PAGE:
Artist: Pretty Things
Label: Rare Earth, Rare Earth
Catalog#: RS 515, R 515
Format: Vinyl
Country: United States
Released: 1970-06
A1.1 The Good Mr. Square 4:29
A1.2 She Was Tall She Was High -
A2 In The Square 1:54
A3 The Letter / Rain 4:07
A4 Miss Fay Regrets 3:24
A5 Cries From The Midnight Circus 6:25
B1 Grass 4:18
B2 Sickle Clowns 6:32
B3 She's A Lover 3:28
B4 What's The Use 1:42
B5 Parachute 3:48

Design - Hipgnosis
Engineer - Nick Webb, Tony Clark
Photography - Hipgnosis
Producer - Norman Smith
Written-By – N. Smith* (tracks: B5), May*, Waller* (tracks: A1 to B4)


Motown Record Corp. Detroit. (P) 1970
An E.M.I. Records Recording
Cat# on Label: R 515

Strawberry Bricks Entry:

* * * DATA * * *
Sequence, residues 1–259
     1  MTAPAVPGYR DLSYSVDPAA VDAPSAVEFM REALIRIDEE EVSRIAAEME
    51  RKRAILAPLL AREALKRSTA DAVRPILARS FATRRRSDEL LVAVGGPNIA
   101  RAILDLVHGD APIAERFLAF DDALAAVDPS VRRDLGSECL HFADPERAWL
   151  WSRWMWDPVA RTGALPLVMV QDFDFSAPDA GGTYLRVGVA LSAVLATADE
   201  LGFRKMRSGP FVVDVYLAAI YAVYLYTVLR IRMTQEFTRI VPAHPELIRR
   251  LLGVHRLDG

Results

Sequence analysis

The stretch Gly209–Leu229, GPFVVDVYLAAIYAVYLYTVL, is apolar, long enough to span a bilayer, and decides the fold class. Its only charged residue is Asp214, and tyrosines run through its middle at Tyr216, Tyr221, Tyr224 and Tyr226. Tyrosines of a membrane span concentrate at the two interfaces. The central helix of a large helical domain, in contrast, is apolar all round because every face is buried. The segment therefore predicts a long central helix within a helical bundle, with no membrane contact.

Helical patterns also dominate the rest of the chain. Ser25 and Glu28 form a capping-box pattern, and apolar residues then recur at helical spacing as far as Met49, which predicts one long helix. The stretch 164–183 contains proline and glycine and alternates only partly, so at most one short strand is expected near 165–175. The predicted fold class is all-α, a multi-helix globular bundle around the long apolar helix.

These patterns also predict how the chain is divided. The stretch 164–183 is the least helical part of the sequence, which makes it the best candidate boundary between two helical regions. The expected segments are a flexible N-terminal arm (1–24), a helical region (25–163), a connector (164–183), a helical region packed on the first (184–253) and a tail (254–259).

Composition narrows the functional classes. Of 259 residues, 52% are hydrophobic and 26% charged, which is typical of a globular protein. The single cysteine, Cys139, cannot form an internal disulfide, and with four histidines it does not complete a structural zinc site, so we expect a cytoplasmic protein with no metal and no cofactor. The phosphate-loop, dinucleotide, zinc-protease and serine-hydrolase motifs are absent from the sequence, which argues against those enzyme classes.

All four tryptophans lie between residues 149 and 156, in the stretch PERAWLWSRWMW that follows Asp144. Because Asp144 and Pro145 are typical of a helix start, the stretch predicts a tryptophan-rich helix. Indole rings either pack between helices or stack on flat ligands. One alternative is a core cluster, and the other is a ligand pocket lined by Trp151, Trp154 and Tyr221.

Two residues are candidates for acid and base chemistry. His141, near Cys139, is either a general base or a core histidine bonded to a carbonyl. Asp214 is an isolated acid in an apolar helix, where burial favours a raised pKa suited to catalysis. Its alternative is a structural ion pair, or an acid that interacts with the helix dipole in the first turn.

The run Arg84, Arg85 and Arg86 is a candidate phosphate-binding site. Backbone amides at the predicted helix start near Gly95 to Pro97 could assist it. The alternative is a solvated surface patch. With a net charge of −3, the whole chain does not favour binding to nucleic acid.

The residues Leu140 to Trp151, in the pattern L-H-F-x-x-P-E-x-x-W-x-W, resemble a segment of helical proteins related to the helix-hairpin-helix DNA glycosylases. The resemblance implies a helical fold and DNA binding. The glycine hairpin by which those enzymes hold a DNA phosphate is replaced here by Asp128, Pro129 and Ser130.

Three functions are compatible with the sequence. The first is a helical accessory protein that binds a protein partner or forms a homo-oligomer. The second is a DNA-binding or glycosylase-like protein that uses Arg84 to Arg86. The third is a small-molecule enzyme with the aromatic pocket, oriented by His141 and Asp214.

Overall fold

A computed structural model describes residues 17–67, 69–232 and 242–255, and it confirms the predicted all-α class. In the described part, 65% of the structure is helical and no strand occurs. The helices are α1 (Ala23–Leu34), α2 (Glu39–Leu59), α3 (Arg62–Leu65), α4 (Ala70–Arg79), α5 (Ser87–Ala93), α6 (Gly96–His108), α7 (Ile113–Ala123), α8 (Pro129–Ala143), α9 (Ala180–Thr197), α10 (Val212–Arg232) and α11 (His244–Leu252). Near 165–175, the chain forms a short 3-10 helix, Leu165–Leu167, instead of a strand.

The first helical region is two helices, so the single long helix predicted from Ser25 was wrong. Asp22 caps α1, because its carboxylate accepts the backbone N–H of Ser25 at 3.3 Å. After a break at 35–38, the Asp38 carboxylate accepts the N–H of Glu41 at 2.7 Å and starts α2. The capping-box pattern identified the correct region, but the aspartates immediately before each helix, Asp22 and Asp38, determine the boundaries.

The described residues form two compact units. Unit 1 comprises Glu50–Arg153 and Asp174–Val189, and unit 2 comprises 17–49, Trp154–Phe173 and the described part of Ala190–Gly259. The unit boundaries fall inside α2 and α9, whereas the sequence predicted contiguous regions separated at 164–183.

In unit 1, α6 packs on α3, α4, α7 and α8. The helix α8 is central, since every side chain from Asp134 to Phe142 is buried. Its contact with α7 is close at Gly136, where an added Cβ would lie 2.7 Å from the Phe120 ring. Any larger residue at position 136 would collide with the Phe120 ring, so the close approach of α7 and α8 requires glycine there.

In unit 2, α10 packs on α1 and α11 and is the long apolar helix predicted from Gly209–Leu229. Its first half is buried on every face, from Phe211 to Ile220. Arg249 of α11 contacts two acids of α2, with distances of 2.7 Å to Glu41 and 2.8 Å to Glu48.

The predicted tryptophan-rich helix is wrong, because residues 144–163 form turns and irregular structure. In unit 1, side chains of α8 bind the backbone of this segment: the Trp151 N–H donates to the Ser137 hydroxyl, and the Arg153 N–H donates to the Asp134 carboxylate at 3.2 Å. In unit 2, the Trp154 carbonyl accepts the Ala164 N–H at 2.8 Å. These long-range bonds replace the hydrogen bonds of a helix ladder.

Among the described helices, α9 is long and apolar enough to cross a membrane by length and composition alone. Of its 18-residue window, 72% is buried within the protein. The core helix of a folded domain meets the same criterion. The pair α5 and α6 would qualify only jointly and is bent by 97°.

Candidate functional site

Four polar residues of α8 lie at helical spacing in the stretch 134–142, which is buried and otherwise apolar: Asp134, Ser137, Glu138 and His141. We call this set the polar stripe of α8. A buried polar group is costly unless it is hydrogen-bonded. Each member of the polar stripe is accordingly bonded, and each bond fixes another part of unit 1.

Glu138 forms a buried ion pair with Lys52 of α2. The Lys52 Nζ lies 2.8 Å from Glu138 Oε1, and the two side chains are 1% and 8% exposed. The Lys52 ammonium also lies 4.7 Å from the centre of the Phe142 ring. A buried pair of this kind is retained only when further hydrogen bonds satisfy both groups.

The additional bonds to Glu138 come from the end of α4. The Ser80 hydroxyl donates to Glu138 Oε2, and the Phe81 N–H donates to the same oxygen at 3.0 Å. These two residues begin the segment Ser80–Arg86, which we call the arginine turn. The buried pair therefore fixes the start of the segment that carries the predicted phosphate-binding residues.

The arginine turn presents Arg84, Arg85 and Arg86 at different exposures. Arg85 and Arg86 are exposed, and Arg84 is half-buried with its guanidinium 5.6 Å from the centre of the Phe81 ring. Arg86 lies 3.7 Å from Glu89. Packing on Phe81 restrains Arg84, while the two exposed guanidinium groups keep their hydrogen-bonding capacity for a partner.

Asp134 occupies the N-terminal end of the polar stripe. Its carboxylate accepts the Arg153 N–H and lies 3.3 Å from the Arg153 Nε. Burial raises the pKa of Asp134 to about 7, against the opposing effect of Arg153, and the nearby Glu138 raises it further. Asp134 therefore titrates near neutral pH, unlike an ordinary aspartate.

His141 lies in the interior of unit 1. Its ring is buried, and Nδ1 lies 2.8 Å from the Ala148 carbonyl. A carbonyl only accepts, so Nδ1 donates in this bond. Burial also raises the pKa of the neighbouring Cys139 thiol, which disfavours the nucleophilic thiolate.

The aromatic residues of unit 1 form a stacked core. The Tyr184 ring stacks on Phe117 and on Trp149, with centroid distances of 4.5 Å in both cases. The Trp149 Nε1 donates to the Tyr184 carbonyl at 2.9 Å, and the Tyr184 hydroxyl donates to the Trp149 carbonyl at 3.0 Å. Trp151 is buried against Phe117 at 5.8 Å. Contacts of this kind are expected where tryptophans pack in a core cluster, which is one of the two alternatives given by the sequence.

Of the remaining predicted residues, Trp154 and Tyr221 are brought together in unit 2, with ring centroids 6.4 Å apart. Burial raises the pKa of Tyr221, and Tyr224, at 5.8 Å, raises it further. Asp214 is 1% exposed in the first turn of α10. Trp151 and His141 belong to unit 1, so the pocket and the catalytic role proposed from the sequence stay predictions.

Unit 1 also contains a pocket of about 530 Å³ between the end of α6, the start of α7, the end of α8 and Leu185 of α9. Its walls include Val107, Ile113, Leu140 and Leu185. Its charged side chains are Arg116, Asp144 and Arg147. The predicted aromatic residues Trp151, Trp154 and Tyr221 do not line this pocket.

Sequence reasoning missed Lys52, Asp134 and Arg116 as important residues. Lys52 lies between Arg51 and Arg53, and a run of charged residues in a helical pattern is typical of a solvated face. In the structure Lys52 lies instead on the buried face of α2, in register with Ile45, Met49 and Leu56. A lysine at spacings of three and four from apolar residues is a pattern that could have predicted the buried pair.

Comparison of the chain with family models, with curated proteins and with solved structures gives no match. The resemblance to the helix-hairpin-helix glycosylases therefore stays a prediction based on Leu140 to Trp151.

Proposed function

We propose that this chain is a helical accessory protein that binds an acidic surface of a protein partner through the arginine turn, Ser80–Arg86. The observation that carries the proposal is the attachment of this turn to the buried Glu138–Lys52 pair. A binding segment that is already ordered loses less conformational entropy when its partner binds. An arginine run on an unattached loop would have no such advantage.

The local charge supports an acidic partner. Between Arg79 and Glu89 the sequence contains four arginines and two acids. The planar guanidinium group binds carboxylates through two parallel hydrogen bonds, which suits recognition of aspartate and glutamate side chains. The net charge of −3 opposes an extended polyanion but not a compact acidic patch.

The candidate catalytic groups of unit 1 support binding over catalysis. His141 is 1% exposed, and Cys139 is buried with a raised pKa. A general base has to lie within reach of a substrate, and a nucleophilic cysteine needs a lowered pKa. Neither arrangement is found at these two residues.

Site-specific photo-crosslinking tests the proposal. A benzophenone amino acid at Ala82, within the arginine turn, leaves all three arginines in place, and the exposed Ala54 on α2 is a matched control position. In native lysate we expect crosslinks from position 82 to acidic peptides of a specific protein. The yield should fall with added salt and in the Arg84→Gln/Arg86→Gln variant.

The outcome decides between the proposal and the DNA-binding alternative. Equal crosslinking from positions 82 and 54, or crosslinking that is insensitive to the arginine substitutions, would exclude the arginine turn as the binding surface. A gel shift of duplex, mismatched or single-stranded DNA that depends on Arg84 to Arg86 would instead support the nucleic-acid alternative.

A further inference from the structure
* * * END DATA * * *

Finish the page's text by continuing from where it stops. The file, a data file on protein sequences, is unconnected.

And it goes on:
The Pretty Things donned their alter-ego Electric Banana to fill their coffers; they recorded three half-albums of very good psychedelia for library music producers DeWolfe Publishing between 1967 and 1969, while also appearing in the low-budget film with Norman Wisdom, What's Good for the Goose. The band even teamed up with a wealthy Frenchman, Philippe DeBarge, who commissioned them to record an album that featured himself on vocals! In Fall 1969, The Pretty Things headed back into EMI studios with producer Norman Smith. Skip Alan was back behind the drum kit; however, founding member Dick Taylor had departed and was replaced by guitarist Victor Unitt from the Edgar Broughton Band. The result is the dark psychedelia of Parachute. The album is split: one side reflecting city life and the other illustrating escape to the country, however, it flows together seamlessly, via Smith's masterful Abbey Road production and the band's infectious melodicism and vocal harmonies. "Miss Fay Regrets" and "Cries from the Midnight Circus" present a harder and heavier edge, while the second side's "Grass" is haunting, even without the Mellotron. It's another masterpiece from the band, in particular the epic suite of songs on the second side; and a testament to the Phil May and Wally Waller songwriting team. Although critically acclaimed upon release (there was talk of it being Rolling Stone's "Album of the Year"), the album spent only a few weeks on the UK charts, reaching No. 43, and saw belated release in the US on the Rare Earth label. Pete Tolson replaced Unitt shortly thereafter, yet touring and a phenomenal single ("October 26th" b/w "Cold Stone") didn't change the band's fortunes, and they briefly fell apart. The Pretty Things regrouped to record several albums in the 70s, with Led Zeppelin manager Peter Grant and the Swan Song label. Yet commercial success continued to elude them, and by the early 80s the Pretties were no more.
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